PaperAge Magazine

US: Mixed Paper Prices Plummet, OCC Prices Down Too, Oversupply Persists

paper recycling A material recovery facility (MRF) operator based on the East Coast reports that he has "thousands upon thousands" of bales of mixed paper stored in two plants as slow buying from China continues.

March 21, 2018 (Recycling Today) - Facilities in the United States are overflowing with mixed paper as prices for this grade and for most recovered fiber grades plummeted in February. A material recovery facility (MRF) operator based on the East Coast reports that he has “thousands upon thousands” of bales of mixed paper stored in two plants. “We're just putting it in every corner we can,” he says.

China has sustained its slow buying of U.S. secondary paper. The lack of orders has created an oversupply of mixed paper in the U.S., with prices plunging. The price out of Chicago to China is $0 per ton FAS (free alongside ship, meaning the seller must deliver goods to a named port alongside a vessel the buyer designates), according to the Feb. 5 PPW Yellow Sheet from Boston-based research firm RISI. Mixed paper prices dropped by $47 per ton FAS from this same port. Old corrugated containers (OCC) also saw a dramatic price drop for exports to China, falling by at least $30 per ton FAS.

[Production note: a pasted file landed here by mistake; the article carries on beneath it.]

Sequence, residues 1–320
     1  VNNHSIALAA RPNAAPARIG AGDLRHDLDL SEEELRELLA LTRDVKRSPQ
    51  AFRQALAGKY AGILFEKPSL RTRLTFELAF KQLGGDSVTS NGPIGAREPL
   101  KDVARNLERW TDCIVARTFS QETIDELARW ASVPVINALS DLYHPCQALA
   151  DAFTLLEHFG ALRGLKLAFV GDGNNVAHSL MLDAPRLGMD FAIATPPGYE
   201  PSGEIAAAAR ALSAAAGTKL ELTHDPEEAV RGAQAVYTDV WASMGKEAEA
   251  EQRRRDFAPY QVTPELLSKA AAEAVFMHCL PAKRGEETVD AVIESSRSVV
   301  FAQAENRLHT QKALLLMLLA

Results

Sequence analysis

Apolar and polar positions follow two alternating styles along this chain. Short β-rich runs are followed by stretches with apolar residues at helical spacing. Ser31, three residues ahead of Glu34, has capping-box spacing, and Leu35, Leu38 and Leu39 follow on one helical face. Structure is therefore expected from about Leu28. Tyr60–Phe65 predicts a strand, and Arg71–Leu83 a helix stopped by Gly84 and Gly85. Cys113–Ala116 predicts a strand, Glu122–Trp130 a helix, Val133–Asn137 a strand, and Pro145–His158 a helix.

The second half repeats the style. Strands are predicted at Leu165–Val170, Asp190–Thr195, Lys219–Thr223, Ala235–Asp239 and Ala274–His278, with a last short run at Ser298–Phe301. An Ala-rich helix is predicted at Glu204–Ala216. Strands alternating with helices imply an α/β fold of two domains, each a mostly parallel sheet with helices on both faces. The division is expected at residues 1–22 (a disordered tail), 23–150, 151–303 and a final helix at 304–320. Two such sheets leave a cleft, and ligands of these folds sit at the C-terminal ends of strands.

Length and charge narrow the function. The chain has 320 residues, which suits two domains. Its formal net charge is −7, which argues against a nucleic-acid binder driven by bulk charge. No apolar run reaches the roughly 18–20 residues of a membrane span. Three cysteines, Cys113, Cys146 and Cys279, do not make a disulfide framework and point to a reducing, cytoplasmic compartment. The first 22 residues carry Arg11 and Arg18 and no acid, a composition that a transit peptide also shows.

“At some point in time in the next 30 to 60 days, prices are going to go up because [China is] going to need the corrugated,” the MRF operator says.

The Chinese government issued another 1.11 million metric tons of import licenses in the first quarter, according to RISI's PPI Pulp & Paper Week. At this rate, 2018 import demand in China will be down 35 percent compared with the 2017 import totals, the publication notes. Forty-five mills have received import licenses so far in the first quarter of 2018, with 20 mills having been part of the latest round of batches, PPI Pulp & Paper Week reports.

As part of China's Ministry of Environmental Protection (MEP) releasing a batch of early 2018 scrap materials import quotas, 96,000 metric tons of material were issued to a Nine Dragons Paper (Dongguan) Co. Ltd. facility in south China. Notes attached to those two quotas indicate permission or instructions to “change ports” or “change the mode of trade for general trade.”

The 26 paper import quotas total 272,000 metric tons in volume. That represents just 0.9 percent of the 29.2 million metric tons of recovered fiber imported into China in 2015.

PPI Pulp & Paper Week also reports . . .

Go to the full story, which includes pricing charts, at Recycling Today's website:

SOURCE: Recycling Today